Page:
February 21, 2013

Drugs to slow aging are a matter of when, not if

UW Health Sciences & UW Medicine

A healthy woman, about to turn 94, enjoys a family album. UW researchers are working to reduce the effects of aging and diseases of old age.

Leila Gray

A healthy woman, about to turn 94, enjoys a family album. UW researchers are studying longevity factors to help more people lead long lives and delay diseases of aging.

Evidence is accumulating that not only is it possible to slow down aging, but that by doing so the onset and progression of multiple age-related diseases can be delayed, according to a review by University of Washington scientists in the journal Nature.

“Slowing aging should increase both lifespan and healthspan — the period of life spent in relatively good health, free from chronic disease or disability,” the authors write.

“A shared feature of most medically relevant diseases is that your risk of dying from them increases dramatically as you get older,” said Matt Kaeberlein, senior author of the paper. “Unlike traditional approaches, which tend to focus on a specific disease, targeting the aging process itself has a much greater potential to improve human health.”

UW scientists examine how the inhibition of the protein mTOR, which stands for “mechanistic target of rapamycin,” may modulate aging and age-related disease. The review was written by Simon Johnson, a graduate student in pathology; Peter Rabinovitch, professor of pathology; and Kaeberlein, associate professor of pathology.

Many experts in the biology of aging believe that pharmacological interventions to slow aging are a matter of ‘when’ rather than ‘if’. A leading target for such interventions is the nutrient response pathway defined by mTOR, a protein that controls cell growth.

“Inhibition of this pathway extends lifespan in model organisms and confers protection against a growing list of age-related pathologies. Characterized inhibitors of this pathway are already clinically approved, and others are under development. Although adverse side effects currently preclude use in otherwise healthy individuals, drugs that target the mTOR pathway could one day become widely used to slow aging and reduce age-related pathologies in humans,” said the authors.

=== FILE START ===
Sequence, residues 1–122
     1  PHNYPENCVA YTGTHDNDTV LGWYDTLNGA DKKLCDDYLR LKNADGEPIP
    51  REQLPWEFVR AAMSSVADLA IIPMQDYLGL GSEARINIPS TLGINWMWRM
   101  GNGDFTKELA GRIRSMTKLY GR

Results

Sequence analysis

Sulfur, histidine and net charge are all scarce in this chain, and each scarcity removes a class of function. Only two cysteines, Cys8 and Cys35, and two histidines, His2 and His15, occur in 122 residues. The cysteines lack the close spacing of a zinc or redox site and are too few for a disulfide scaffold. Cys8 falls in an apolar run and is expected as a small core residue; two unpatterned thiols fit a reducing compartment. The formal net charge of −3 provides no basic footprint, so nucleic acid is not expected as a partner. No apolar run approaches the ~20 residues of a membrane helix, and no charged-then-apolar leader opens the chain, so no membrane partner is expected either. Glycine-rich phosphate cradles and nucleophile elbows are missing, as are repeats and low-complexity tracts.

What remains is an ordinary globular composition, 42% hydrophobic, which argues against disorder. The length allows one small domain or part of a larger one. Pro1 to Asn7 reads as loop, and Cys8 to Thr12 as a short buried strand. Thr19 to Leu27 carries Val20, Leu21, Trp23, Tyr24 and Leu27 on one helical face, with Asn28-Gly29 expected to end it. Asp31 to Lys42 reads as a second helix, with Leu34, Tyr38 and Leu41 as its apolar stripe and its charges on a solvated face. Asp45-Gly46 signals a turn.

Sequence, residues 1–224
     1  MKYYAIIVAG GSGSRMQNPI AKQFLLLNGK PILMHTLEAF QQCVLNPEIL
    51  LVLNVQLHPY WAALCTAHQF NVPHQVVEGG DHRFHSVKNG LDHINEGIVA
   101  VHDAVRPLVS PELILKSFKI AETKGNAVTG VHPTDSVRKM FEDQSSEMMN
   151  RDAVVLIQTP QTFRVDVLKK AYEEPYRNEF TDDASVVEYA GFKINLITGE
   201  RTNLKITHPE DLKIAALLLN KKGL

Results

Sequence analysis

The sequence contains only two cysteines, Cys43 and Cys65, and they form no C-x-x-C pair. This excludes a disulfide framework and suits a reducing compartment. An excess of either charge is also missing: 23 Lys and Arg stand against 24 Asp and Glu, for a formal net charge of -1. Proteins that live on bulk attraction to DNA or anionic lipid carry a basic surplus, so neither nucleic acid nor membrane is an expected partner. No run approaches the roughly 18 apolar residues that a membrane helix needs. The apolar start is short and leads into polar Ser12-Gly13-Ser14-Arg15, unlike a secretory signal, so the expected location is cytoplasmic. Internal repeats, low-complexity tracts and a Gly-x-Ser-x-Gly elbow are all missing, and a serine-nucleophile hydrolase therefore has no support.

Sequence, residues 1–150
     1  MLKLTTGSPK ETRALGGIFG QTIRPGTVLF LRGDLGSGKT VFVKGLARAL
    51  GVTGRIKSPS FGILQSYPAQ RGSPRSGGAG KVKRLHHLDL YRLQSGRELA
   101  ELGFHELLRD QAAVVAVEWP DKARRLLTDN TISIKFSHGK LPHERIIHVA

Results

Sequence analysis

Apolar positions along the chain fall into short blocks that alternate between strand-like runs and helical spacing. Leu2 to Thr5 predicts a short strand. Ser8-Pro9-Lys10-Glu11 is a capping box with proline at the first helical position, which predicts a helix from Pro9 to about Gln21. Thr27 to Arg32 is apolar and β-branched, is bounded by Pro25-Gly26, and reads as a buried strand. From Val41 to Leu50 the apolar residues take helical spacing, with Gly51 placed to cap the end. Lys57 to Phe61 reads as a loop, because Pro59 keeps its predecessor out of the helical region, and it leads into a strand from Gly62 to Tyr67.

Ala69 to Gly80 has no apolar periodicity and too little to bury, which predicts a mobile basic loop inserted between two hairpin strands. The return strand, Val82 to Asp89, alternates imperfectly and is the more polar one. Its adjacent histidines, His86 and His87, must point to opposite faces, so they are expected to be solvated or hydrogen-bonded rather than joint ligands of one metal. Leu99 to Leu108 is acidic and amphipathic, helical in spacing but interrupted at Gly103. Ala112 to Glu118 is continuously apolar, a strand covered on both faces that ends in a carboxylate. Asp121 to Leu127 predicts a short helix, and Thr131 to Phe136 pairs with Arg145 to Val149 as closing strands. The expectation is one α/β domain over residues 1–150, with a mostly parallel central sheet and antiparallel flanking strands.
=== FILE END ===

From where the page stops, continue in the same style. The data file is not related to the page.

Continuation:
The authors compare the effects of mTOR inhibition to the positive effects in rodents of dietary restriction in extending the lifespan and delaying the incidence of age-related decline and disease, including cancer, cognitive decline and neurodegeneration.

“Emerging evidence suggests that, like dietary restriction, mTORC1 inhibition may have similar positive effects on multiple age-related pathologies in rodents and, in some cases, humans,” according to the scientists.

Learn about the work under way in the Kaeberlein lab.

The UW has National Institutes of Health-funded Centers of Excellence in the basic biology of aging (Nathan Shock Center), Alzheimer’s disease (Alzheimer’s Disease Research Center), and Parkinson’s Disease (Morris K. Udall Center), and is working with Kaeberlein to establish the UW Healthy Aging and Longevity (HALO) Research Institute.

“It may sound a bit like science fiction,” said Kaeberlein, “but there is growing confidence in the field that we really can develop drugs that slow human aging and extend the period of healthy life for most people. Imagine what you could do with an extra 10 or 20 years of youthfulness.”

Read more in Nature.